PHIL1301PCM: Introduction to Philosophy
Instructional Office Hours
The ACC catalogue describes this course as "A study of the nature of philosophy and various traditions. Includes a study of major western philosophers, philosophical problems, and critical thinking."
My theme for this semesters exploration of philosophy is "Human Knowledge and Reality." We will consider some of the major issues involved in metaphysics and epistemology, focusing on the ultimate nature of reality and the relation between any such reality and human knowledge.
There are no prerequisites for Introduction to Philosophy. A passing score or the equivalent on the reading and writing portions of the TASP is required.
Please note that you must complete the online Orientation prior to beginning work on this course.
Philosophy is one of the principal forces that have shaped Western civilization and history, so a basic understanding of the method and subjectmatter of philosophy affords a deeper understanding of ourselves and an informed grasp of the present. In addition, the critical thinking skills are so central to the method of philosophy that the study of philosophy provides an opportunity to learn and practice those skills in a focused way.
This is an online course, so internet access, including an email account, is required. All written work and other course business will take place by means of email and the web pages for these sections. (To find the main page for your section, go back to the top of this page and click on your section number.) The major form of individual assessment will be writing assignments (essays) and quizzes; there will be no major exams. I will also use online forms to gather information about your progress in the coursework.
Texts marked with an asterisk are are available online; I will post links to these texts on the reading assignments page. These texts are also available in many bookstore(s), if you prefer to do your readings off-line. The recommended text, which is available in ACC's RGC bookstore, is an entertaining overview of the history of philosophy (with explanations of most of the major figures). It may be helpful in filling in gaps or as a resource for your coursework (and paper topics!).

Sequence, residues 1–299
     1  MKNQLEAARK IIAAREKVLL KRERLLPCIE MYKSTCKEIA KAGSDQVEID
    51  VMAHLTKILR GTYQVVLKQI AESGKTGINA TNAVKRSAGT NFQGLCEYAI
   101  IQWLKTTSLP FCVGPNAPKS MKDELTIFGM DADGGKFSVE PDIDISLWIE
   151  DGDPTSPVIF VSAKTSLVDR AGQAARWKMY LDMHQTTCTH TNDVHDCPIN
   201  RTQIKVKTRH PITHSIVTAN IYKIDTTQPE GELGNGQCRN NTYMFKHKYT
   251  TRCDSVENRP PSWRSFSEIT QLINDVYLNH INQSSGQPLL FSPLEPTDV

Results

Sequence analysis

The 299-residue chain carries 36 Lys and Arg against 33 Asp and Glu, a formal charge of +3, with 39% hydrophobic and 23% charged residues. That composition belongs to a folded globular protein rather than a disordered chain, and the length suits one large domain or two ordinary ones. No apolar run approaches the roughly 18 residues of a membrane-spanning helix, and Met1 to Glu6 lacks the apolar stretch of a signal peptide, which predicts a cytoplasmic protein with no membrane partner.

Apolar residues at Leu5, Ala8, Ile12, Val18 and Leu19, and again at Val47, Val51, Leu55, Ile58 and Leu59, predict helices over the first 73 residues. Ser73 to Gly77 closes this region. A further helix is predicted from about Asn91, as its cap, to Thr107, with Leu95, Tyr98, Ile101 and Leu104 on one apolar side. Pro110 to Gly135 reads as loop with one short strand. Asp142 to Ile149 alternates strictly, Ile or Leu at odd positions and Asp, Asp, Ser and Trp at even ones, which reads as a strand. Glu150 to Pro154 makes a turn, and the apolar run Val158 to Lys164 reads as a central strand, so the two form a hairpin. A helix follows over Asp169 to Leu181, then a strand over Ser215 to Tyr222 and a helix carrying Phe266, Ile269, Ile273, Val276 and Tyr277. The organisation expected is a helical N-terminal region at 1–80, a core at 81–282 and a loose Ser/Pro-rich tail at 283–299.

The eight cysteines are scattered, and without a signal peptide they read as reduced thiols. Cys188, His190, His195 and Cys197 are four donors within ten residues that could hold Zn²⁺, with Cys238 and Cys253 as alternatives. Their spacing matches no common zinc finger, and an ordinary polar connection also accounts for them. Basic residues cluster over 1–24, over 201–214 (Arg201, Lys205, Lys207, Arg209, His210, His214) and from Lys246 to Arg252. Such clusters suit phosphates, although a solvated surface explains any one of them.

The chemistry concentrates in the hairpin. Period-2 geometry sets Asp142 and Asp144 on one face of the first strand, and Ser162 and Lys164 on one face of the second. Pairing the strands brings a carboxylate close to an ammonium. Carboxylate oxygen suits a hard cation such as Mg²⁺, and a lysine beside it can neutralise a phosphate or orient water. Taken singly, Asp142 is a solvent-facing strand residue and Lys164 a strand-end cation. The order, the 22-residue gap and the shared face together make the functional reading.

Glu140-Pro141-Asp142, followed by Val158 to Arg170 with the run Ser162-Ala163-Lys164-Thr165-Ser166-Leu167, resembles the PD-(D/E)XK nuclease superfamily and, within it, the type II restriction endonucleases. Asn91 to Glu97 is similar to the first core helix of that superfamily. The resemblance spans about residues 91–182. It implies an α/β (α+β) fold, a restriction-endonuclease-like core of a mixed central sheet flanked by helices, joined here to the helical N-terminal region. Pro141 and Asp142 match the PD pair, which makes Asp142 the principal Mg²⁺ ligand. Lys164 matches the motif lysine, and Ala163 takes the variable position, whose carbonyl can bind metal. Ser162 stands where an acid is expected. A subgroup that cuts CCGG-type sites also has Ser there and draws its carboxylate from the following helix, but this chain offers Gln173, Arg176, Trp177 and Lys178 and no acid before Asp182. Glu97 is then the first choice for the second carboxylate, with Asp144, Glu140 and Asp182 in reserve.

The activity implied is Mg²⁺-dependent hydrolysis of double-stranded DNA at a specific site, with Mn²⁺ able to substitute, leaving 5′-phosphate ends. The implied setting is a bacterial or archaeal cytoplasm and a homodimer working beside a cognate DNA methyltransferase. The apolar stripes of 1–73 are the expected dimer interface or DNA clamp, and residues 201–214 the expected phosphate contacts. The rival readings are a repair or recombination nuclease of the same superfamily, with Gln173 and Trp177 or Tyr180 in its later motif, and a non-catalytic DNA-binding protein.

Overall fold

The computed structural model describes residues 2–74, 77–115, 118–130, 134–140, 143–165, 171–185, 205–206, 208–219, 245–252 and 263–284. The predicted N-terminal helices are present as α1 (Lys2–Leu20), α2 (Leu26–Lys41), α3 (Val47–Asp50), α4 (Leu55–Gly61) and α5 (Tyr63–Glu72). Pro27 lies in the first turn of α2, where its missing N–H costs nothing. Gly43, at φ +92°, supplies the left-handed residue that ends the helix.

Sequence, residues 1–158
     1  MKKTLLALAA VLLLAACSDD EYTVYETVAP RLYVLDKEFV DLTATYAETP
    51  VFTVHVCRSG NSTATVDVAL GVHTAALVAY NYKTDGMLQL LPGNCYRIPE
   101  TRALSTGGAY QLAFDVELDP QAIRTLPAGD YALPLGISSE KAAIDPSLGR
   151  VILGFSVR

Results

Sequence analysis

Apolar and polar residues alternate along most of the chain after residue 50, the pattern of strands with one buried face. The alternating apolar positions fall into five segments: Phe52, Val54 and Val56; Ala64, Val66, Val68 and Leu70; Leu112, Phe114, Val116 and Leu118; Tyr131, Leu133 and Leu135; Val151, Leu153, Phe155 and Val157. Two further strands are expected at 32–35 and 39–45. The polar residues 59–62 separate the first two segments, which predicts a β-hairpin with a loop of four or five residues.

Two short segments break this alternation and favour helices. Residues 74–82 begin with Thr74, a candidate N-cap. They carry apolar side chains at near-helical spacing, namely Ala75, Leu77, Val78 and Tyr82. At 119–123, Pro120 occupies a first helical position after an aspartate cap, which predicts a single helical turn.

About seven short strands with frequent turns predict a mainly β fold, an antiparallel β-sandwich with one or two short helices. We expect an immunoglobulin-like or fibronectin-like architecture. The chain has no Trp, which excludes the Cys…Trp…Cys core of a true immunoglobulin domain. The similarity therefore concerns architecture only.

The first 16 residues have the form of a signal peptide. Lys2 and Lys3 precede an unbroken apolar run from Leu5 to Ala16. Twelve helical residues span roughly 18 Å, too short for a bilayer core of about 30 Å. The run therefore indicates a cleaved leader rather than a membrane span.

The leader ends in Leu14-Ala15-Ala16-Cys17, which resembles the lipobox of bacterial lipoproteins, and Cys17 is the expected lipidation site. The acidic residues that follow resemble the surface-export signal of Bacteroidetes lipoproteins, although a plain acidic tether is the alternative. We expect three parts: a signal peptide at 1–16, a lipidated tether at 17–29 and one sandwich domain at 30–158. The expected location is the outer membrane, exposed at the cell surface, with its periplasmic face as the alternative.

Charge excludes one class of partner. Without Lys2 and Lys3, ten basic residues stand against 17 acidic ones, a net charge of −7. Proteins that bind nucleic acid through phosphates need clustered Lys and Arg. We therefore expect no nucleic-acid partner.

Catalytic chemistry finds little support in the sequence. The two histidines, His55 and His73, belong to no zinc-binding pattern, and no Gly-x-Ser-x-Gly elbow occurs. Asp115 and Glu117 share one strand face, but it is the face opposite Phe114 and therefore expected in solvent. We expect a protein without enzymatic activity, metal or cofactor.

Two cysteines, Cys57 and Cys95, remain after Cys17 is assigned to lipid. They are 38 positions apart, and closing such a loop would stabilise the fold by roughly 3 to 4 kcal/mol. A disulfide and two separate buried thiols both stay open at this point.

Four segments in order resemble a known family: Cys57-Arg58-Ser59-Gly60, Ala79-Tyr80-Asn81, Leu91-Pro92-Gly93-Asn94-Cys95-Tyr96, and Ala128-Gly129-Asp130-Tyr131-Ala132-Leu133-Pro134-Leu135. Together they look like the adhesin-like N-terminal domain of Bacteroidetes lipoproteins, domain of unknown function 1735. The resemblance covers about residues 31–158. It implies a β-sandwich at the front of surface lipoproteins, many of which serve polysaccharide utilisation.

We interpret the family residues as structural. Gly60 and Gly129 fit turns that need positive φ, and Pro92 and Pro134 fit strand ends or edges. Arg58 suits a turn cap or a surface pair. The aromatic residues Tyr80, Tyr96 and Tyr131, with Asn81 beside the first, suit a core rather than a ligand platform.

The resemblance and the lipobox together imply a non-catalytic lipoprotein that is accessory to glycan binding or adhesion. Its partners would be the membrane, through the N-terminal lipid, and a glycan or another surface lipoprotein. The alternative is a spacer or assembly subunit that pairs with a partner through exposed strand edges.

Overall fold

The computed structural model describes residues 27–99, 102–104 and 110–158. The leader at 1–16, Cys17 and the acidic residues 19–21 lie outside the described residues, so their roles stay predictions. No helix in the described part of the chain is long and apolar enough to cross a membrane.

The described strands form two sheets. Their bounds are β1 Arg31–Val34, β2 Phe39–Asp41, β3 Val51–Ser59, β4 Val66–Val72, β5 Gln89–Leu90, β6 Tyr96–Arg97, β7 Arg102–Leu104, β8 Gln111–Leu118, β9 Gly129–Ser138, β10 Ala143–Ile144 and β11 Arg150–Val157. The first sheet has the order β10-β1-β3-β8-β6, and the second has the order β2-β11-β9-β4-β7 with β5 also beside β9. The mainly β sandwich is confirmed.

Your grade for this course will be based on written work demonstrating the pursuit of the goals of the course. (See the Coursework Guide for a more detailed explanation of the written work.) The quizzes and two application essays form the basic components and are required of all students. This means that, in order to earn a C, you must complete the quizzes and two application essays, regardless of your average at any point in the semester. You may complete additional components for a higher grade, as indicated in the following table:
In any case, the average of your grades will determine the course grade. (For example, if someone completed the quizzes, three application essays, and the analytical paper, but his/her average is a B, the course grade will still be a B. Quality should be of greater concern than quantity!) The grading criteria chart gives a detailed exposition of how I evaluate each assignment.
The grade computation system I use allows for adjustment to writing essays for a philosophy course. I compute the grade for the application essays two ways and use the higher result in the computation of the final grade. One way is the arithmetic mean of the application essays (the average of the grades weighted equally). The other method is a "weighted average," in which the initial application essay grade is weighted proportionately less than the remaining essay grades. For a more detailed explanation of this computation, see the grade computation procedure. This weighted average is intended to help people who weren't sure what to expect on the first essay, but did well on the others.
I recommend that you look carefully at my comments and feedback as you prepare for the subsequent essay. If you have questions about a comment, contact me so I can explain what I meant. After each of the application essays, I will post general comments about the assignment in the classroom and some sample essays from our class (which will be posted anonymously). This material will provide some additional feedback and guidance (and discussion) of the application essays.
Due dates for written work will be posted; please check the main page for your section regularly for announcements and deadlines. You may hand in assignments earlier than the due date, but assignments must follow the stated sequence. (For instance, I will not accept essay 3 before essay 2.) Please note that I will not accept work after the stated due date, except by prior agreement. All written work must be submitted by email, with the correct subject heading. Please see the Procedures section of the Orientation for guidelines on email.
Security and Privacy
Announcements and Deadlines
Students have the right to believe whatever they happen to believe and, within the appropriate constraints that follow from the organization of a course and its class meetings, to express those beliefs. Grades will never be based on the beliefs that a student maintains, but only on the quality of the philosophical work performed by a student in conjunction with the course.
Cases of academic dishonesty will be pursued according to the procedure set forth in the Student Handbook, “Student Rights and Responsibilities,” Section J, “Academic Dishonesty."
Students with Disabilities
ACC is committed to full compliance with the requirements of the Americans with Disabilities Act. If you are entitled to accommodation and have not done so already, contact the Office for Students with Disabilities as soon as possible to request appropriate accommodations.
Check the main page for the course frequently for due dates, announcement, and important links.
This page was last updated 08/23/2009 08:16:53 PM by mdaude.